The term “athlete’s foot” can be very misleading. You don’t have to be an athlete to suffer from this condition. Athlete’s foot (tinea pedis) is a common contagious fungal infection affecting the skin and nails of the feet, which cause itching and irritation.
Athlete’s foot is caused by a fungal infection that is commonly contracted from having your feet wet for a prolonged period of time, as well as from an injury, wearing tight and poor insulated shoes, or using public showers when barefoot.
Athlete’s foot is contagious and can be spread by coming into contact with an infected person through sharing shoes, mats, towels and floors.
Risk Factors for Athlete’s Foot
You are at an increased risk of athlete’s foot if you’re:
- Wear damp socks or tight-fitting shoes
- Share mats, rugs, bed linens, clothes or shoes with someone who has an infection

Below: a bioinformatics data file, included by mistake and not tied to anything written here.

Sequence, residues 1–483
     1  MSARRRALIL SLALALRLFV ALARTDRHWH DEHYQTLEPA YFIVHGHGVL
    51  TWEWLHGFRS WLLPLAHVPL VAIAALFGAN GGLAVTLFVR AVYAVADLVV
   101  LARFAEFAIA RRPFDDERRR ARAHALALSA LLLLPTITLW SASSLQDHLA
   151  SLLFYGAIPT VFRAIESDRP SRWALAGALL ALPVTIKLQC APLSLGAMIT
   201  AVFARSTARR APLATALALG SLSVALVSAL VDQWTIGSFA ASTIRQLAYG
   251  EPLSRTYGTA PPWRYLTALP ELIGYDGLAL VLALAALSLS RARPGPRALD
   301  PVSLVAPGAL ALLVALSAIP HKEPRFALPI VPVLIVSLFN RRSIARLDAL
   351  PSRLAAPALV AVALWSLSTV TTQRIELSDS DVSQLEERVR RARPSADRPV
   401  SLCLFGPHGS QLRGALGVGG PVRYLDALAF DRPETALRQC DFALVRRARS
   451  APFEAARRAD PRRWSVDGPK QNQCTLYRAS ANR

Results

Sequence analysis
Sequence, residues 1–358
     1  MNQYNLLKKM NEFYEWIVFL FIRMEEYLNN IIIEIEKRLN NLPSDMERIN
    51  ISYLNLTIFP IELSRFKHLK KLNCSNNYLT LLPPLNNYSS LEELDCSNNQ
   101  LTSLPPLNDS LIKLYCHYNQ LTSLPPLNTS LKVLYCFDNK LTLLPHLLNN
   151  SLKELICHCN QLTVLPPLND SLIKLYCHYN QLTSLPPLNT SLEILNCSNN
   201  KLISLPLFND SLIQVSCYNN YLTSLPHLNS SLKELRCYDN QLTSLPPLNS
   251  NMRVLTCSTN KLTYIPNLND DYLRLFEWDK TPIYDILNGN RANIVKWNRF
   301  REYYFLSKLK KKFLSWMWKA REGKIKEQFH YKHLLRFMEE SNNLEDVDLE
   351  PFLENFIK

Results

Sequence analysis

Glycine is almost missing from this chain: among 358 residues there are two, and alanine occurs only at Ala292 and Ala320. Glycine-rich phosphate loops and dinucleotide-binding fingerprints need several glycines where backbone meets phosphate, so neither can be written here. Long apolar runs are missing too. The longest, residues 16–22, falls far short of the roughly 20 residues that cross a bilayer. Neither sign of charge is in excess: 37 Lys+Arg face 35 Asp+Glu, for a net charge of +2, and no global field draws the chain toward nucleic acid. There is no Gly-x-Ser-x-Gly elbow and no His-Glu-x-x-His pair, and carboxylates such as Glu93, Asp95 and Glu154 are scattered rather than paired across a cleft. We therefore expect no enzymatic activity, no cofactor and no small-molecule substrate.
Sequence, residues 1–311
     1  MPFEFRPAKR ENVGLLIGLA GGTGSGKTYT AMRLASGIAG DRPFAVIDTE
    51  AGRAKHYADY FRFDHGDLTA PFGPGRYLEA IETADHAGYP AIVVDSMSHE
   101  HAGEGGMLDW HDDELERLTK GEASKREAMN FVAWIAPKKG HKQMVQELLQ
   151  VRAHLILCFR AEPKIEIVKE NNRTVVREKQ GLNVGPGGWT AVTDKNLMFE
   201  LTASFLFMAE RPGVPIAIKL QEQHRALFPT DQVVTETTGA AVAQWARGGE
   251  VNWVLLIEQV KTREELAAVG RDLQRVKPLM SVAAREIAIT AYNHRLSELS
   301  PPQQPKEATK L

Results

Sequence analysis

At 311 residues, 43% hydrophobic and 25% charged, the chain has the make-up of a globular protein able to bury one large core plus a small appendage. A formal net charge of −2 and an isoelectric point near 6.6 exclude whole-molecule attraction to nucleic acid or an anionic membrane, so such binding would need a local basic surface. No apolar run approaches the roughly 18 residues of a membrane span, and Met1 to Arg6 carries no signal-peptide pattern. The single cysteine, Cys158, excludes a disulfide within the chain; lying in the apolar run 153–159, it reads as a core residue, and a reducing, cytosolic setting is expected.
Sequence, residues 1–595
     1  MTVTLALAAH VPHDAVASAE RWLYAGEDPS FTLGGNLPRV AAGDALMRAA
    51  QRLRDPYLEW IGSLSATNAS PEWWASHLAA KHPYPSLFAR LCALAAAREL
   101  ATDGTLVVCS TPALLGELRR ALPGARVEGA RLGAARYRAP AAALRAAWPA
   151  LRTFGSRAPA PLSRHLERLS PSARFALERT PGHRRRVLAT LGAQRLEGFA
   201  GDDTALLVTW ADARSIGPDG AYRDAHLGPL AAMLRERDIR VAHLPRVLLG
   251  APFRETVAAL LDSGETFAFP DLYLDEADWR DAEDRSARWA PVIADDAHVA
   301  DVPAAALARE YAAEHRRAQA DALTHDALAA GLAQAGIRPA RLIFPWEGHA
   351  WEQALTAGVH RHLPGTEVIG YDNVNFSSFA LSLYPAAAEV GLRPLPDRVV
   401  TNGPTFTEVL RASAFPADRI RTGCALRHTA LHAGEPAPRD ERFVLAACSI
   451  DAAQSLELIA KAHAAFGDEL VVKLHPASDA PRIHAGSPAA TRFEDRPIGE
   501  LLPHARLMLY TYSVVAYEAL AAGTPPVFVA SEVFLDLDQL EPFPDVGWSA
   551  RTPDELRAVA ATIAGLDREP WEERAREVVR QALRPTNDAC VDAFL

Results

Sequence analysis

- Walk barefoot in public areas, like locker rooms, saunas, swimming pools, and communal showers
- Have a weakened immune system
Symptoms of Athletes Foot
Symptoms of athlete’s foot include:
- Scaly red rash between the toes
- Itching, especially at night
- Blisters or ulcers
There are over-the-counter creams that can usually effectively treat and eliminate athlete’s foot. Athlete’s foot will usually clear up within two weeks. You can also prevent the spread of athlete’s foot by wearing sandals in public locker rooms and around swimming areas. Maintain clean showers and floors at home where you frequently walk barefoot, or simply cover your feet with socks or shoes until the infection has dissipated. Be sure to keep your feet clean and dry if you choose to wear socks and shoes for long periods of time.
When to See a Podiatrist
If these treatments don’t work, or if you have increasing pain, fever, swelling of the foot, blisters or open sores, it’s time to seek treatment for a possible bacterial infection. A more aggressive course of treatment may be prescribed by a podiatrist. Click here to request an appointment today.